The need for a philosophical grounding in higher degree science research programmes

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3 Citations (Scopus)


As the learner climbs the ladder of formal education, the role of the teacher transforms from the primary provider of knowledge to that of a mentor. At the university, the learner enters the realm of self-learning, which is synonymous with 'research' in a broad sense. Traditionally, attainment of research capability is measured by the degree of Doctor of Philosophy (Ph D). This measure goes with the assumptions that the person with a Ph D has documented a cognizable and worthwhile doctrine and that the person has contributed to construction of new knowledge. The literature on research theory and practice indicates that any course work on research methods is often either difficultor uninteresting to learners. This may be (i) because the subjects that constitute research methods have not been aligned with the research themes chosen by learners and/or (ii) because the learners have not been appropriately grounded in the philosophical theory that explains the contextual basis for valid research methods. Addressing these gaps, I have argued for the use of the pedagogical tool of 'constructive alignment', integrating philosophical concepts with the themes chosen by the learners for their research activity. I have demonstrated the argued point with the curriculum design of the subject 'Research philosophies and methods', a prerequisite for senior undergraduate learners enrolled in the natural resource management and agribusiness Honours programmes at Charles Sturt University, Orange, Australia.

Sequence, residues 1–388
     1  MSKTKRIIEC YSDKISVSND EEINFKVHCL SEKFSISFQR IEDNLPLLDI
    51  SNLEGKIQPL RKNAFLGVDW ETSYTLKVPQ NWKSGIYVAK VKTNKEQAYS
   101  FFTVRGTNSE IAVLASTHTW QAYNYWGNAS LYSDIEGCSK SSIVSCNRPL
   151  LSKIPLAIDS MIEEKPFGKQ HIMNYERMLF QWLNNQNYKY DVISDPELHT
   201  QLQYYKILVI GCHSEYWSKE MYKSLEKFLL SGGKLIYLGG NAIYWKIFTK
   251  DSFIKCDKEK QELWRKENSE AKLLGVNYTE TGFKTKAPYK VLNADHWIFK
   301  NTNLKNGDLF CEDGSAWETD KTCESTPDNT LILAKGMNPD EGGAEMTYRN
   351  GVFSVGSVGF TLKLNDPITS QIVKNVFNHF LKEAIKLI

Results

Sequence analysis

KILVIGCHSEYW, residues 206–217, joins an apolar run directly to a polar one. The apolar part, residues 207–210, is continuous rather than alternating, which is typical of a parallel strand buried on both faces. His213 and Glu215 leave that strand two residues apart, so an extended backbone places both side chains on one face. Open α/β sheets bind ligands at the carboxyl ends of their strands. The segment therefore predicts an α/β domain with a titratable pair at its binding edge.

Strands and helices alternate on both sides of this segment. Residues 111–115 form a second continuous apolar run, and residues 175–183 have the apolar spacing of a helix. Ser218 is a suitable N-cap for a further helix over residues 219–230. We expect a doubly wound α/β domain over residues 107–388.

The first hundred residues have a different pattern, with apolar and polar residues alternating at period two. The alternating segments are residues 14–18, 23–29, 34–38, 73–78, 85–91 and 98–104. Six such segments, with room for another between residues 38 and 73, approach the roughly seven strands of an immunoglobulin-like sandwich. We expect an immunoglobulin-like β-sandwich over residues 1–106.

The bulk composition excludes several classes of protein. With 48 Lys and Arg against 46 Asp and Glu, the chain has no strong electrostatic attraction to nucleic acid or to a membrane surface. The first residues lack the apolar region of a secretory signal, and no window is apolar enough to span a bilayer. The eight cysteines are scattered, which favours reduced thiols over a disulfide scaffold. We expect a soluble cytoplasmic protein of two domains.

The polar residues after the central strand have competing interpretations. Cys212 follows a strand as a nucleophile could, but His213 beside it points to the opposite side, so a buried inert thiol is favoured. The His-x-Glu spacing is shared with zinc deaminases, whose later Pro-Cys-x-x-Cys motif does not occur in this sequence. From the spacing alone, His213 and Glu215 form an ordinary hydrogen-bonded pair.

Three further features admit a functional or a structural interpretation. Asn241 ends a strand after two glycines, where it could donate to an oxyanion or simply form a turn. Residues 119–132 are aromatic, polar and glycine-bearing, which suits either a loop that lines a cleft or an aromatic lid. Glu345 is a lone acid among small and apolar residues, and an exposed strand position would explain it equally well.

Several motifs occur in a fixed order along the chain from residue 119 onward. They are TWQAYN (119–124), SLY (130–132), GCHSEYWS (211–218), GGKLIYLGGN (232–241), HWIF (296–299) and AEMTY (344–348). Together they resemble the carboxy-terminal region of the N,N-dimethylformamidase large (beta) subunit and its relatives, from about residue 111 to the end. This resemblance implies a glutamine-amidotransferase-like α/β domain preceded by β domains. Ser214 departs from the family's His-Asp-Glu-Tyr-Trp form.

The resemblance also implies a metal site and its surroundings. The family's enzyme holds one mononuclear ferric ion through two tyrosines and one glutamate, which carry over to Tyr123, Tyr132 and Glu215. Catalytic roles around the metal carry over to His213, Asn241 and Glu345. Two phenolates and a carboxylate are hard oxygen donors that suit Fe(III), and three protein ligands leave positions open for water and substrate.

Original languageEnglish
Pages (from-to)590-593
Number of pages4
JournalCurrent Science
Issue number5
Publication statusPublished - 2008


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